A new interactive timeline, created by the Federal Judicial Center, depicts the evolution of the roles and responsibilities of the Judicial Conference of the United States over the last century.
The Judicial Conference was initially created to give judges a formal mechanism to report on the business of the courts and communicate the Judiciary’s administrative needs to Congress. Today it serves as the Judiciary’s national policy-making body and maintains more than 20 committees that focus on a wide range of administrative and policy issues. These include bankruptcy, case management, judicial conduct, information technology, space and facilities, and rules of practice and procedure.
Since the first meeting was held at the U.S. Supreme Court on Dec. 28, 1922, at the call of Chief Justice William Howard Taft, the Conference has grappled with many issues, including rising court caseloads and limited resources, natural disasters, public-health crises, and the safety of the Judiciary and the public.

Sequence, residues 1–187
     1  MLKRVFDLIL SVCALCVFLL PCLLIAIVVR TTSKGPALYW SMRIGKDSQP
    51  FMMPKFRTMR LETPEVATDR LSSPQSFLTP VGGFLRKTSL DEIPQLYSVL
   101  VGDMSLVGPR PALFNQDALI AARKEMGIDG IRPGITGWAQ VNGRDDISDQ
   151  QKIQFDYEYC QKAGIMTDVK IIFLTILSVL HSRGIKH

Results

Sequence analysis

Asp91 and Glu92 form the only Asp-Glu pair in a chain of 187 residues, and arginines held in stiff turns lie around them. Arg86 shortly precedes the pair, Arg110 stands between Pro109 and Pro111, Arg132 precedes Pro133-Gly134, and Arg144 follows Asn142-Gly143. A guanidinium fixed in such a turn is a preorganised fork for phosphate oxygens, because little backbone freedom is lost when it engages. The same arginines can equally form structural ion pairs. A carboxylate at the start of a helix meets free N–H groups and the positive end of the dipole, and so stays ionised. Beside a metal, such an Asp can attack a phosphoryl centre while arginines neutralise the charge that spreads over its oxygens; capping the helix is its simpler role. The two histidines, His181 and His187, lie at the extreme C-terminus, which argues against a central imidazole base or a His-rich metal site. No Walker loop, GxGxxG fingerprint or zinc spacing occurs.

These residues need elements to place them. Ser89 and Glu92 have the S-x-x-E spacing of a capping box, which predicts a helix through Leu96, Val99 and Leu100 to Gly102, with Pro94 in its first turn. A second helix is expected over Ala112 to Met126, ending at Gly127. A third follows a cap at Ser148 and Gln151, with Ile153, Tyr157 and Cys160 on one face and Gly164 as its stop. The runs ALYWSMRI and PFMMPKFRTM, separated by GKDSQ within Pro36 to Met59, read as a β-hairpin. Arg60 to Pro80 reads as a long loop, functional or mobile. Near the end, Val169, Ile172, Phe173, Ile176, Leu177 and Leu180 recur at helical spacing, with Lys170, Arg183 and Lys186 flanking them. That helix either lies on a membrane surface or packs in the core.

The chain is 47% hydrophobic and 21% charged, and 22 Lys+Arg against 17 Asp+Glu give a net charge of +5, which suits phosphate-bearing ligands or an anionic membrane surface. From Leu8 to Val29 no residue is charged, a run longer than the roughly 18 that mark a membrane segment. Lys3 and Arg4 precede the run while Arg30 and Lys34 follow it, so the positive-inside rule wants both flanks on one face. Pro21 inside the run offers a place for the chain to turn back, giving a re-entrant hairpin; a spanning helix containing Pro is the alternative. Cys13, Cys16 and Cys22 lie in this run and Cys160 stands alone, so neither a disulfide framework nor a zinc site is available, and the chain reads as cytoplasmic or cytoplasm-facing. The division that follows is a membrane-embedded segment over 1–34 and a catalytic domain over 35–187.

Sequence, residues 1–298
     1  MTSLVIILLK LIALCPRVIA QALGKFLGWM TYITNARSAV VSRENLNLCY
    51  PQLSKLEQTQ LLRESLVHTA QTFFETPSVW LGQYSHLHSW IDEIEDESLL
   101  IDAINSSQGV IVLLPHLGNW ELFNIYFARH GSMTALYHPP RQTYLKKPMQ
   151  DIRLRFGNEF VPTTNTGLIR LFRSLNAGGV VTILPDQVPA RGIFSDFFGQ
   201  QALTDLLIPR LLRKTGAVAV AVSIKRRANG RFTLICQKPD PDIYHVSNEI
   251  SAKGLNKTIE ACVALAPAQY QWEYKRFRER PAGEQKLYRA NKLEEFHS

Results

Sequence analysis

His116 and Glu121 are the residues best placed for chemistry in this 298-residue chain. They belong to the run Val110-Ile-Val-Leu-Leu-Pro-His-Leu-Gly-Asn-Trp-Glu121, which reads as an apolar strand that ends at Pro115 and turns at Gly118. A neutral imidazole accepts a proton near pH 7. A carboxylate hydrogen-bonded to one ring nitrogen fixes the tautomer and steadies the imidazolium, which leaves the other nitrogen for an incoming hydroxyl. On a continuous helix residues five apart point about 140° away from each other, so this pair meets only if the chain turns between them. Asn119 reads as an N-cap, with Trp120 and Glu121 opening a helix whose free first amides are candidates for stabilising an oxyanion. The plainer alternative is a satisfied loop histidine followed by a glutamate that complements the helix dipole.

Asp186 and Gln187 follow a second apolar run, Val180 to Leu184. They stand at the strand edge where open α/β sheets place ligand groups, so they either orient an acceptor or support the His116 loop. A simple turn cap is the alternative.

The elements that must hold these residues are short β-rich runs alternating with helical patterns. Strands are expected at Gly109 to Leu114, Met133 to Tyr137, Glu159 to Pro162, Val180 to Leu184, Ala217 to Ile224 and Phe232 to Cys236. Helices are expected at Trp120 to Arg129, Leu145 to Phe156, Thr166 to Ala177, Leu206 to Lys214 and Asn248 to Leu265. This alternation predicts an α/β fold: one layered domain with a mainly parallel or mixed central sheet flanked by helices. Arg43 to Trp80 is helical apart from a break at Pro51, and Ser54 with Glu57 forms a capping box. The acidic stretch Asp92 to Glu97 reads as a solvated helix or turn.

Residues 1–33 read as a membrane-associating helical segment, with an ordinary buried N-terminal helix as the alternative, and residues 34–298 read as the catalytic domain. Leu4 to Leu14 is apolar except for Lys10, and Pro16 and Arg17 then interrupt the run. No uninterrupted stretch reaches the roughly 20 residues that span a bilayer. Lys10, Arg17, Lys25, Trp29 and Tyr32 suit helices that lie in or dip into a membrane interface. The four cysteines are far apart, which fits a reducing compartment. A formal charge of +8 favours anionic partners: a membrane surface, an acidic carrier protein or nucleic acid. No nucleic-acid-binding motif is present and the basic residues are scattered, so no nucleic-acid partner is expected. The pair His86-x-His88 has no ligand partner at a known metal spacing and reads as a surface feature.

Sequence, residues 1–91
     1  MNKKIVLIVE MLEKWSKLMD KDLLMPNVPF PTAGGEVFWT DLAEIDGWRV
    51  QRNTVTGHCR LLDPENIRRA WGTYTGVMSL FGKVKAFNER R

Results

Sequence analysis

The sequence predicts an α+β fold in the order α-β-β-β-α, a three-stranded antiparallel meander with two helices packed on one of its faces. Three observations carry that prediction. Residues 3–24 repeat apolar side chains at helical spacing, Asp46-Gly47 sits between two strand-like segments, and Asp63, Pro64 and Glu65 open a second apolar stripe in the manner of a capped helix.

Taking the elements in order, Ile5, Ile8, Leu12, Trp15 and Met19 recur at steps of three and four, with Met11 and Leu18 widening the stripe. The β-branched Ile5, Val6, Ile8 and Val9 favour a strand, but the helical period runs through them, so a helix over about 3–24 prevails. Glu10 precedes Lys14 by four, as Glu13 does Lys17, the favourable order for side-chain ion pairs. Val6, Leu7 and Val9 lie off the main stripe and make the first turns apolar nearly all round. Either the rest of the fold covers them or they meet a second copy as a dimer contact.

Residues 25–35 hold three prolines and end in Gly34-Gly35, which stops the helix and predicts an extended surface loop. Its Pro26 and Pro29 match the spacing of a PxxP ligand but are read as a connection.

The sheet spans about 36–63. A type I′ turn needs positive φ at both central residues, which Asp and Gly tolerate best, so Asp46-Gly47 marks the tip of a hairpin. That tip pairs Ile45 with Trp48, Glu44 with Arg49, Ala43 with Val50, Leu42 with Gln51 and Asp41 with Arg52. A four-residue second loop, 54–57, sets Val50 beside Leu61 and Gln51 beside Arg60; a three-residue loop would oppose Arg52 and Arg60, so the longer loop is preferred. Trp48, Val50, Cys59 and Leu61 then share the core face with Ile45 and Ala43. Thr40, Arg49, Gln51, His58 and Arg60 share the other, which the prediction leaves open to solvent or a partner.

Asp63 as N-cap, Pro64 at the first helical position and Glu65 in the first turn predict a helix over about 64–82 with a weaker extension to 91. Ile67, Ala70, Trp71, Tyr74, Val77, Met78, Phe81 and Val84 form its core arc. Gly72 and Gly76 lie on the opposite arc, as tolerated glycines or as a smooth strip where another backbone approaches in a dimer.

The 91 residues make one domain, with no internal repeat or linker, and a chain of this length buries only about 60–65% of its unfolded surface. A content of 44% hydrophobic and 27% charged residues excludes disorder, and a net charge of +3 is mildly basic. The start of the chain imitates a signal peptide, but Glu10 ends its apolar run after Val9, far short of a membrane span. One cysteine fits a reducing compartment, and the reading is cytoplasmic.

“Chief Justice Taft was prescient in recognizing the need for the Judiciary to manage its internal affairs, both to promote informed administration and to ensure independence of the Branch,” Chief Justice John G. Roberts, Jr., said in his 2021 Year-End Report on the Federal Judiciary.
This year marks the centennial of the Judicial Conference, which has helped ensure efficient administration of justice in the courts since 1922.
The timeline can be accessed at a newly updated section about the Judicial Conference. Other features include links to summary reports of Judicial Conference meetings; how the Conference is organized; the Conference’s roster of committees; and information about the Conference’s history.
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